A couple of days after a federal witness was executed by a Colombian hit team, Yuby Ramirez was making a meal in her Kendall townhouse for the crew’s boss, who went by the name Tocayo.
As they watched the news of the 1993 killing of Bernardo Gonzalez Jr. — gunned down outside his rural West Miami-Dade home — she noticed Tocayo smiling as the TV flashed images of accused Miami drug lords Sal Magluta and Willy Falcon in orange jumpsuits.
Ramirez did not know the men pictured in the prison uniforms — the infamous Miami Senior High School dropouts charged with smuggling 75 tons of cocaine into the country — or their connection to the murder victim.
Tocayo told her that the duo “now had to pay the office” for the death of Gonzalez, who had cut a deal with the feds to testify against the two at their drug-trafficking trial. “Snitches end up dying by squashing,” Tocayo told Ramirez in Spanish. “Flies don’t come into a closed mouth.”
Ramirez, then 22, never saw her short-term boyfriend again after that June afternoon, but Tocayo, who vanished to Colombia, haunts her to this day.
Ramirez wound up being sentenced to life in prison for her bit part in Gonzalez’s murder, directed by Tocayo, a killer of snitches for the Cali cartel back in the 1980s and ’90s, when Miami was a much bloodier place. But in something of a “legal miracle,” as Ramirez described it, she was released from prison last May and from immigration custody in late February — lucky to be spared deportation to her native Colombia after 13 years behind bars.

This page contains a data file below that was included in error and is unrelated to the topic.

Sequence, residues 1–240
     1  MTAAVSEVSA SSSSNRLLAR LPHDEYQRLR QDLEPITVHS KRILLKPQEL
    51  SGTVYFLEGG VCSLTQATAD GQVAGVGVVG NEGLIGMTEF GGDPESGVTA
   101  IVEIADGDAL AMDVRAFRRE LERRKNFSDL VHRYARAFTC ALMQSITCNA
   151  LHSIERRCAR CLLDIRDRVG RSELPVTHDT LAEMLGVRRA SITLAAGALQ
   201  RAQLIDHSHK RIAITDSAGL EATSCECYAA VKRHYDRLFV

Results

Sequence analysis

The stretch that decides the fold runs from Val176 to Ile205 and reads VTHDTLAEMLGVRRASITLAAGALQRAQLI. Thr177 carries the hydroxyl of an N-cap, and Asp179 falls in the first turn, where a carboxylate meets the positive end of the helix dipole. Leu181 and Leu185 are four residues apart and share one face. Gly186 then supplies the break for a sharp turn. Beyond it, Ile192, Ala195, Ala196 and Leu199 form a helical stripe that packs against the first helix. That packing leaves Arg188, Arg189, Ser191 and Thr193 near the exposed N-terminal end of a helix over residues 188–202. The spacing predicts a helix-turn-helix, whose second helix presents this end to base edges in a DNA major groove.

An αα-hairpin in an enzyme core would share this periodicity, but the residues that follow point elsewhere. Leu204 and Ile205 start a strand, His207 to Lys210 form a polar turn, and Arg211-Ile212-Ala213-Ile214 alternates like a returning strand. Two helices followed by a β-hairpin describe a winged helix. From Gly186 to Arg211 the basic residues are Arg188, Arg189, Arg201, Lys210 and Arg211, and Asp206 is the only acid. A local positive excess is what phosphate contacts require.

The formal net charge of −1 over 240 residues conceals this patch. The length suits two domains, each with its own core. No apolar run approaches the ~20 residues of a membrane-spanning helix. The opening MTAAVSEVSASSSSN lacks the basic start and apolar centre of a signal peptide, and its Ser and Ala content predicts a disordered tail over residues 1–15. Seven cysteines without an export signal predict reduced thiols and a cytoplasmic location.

“I’m enjoying every minute of my life, everything that I’ve been kept from, especially my daughters,” Ramirez, 41, told The Miami Herald, as she held her 22-year-old daughter Yuly’s hand during an interview last week. She also has a 24-year-old daughter, Yury. After her arrest in 2000, they were raised by her ex-husband in Miami.
Ramirez won her freedom after showing that her original defense attorneys messed up when they advised her to reject a five-year plea offer from Miami prosecutors before her 2001 trial. Her federal public defenders later admitted they had never advised her that, if convicted of Gonzalez’s murder, she faced life in prison.
In fact, U.S. District Judge Joan Lenard found that her lawyers gave her such bad advice that her sentence should be thrown out and prosecutors gave her a new plea deal for time served.
Ramirez’s Miami appellate attorney, David O. Markus, who took her case at no charge, wrote in a court pleading in 2004: “The mistakes that her lawyers made in this case cost Ms. Ramirez her life.”Getting her freed involved a decade-long legal odyssey.
“David kept telling me that he was going to fight until the end,” said Ramirez. “He would always say, ‘Hang in there. Keep your hopes up.’ ”
Markus, who was assisted by lawyer Robin Kaplan, called Ramirez’s long-shot victory a “once in a lifetime case.” But after her release from federal prison in Tallahassee, Ramirez was still held in immigration custody as she faced the bleak prospect of deportation to her native Colombia because she was not a U.S. citizen.
Enter Miami criminal-immigration lawyer Regina De Moraes, who also took on her case at no charge. She persuaded an immigration judge in an asylum petition to block Ramirez’s deportation — another rare victory.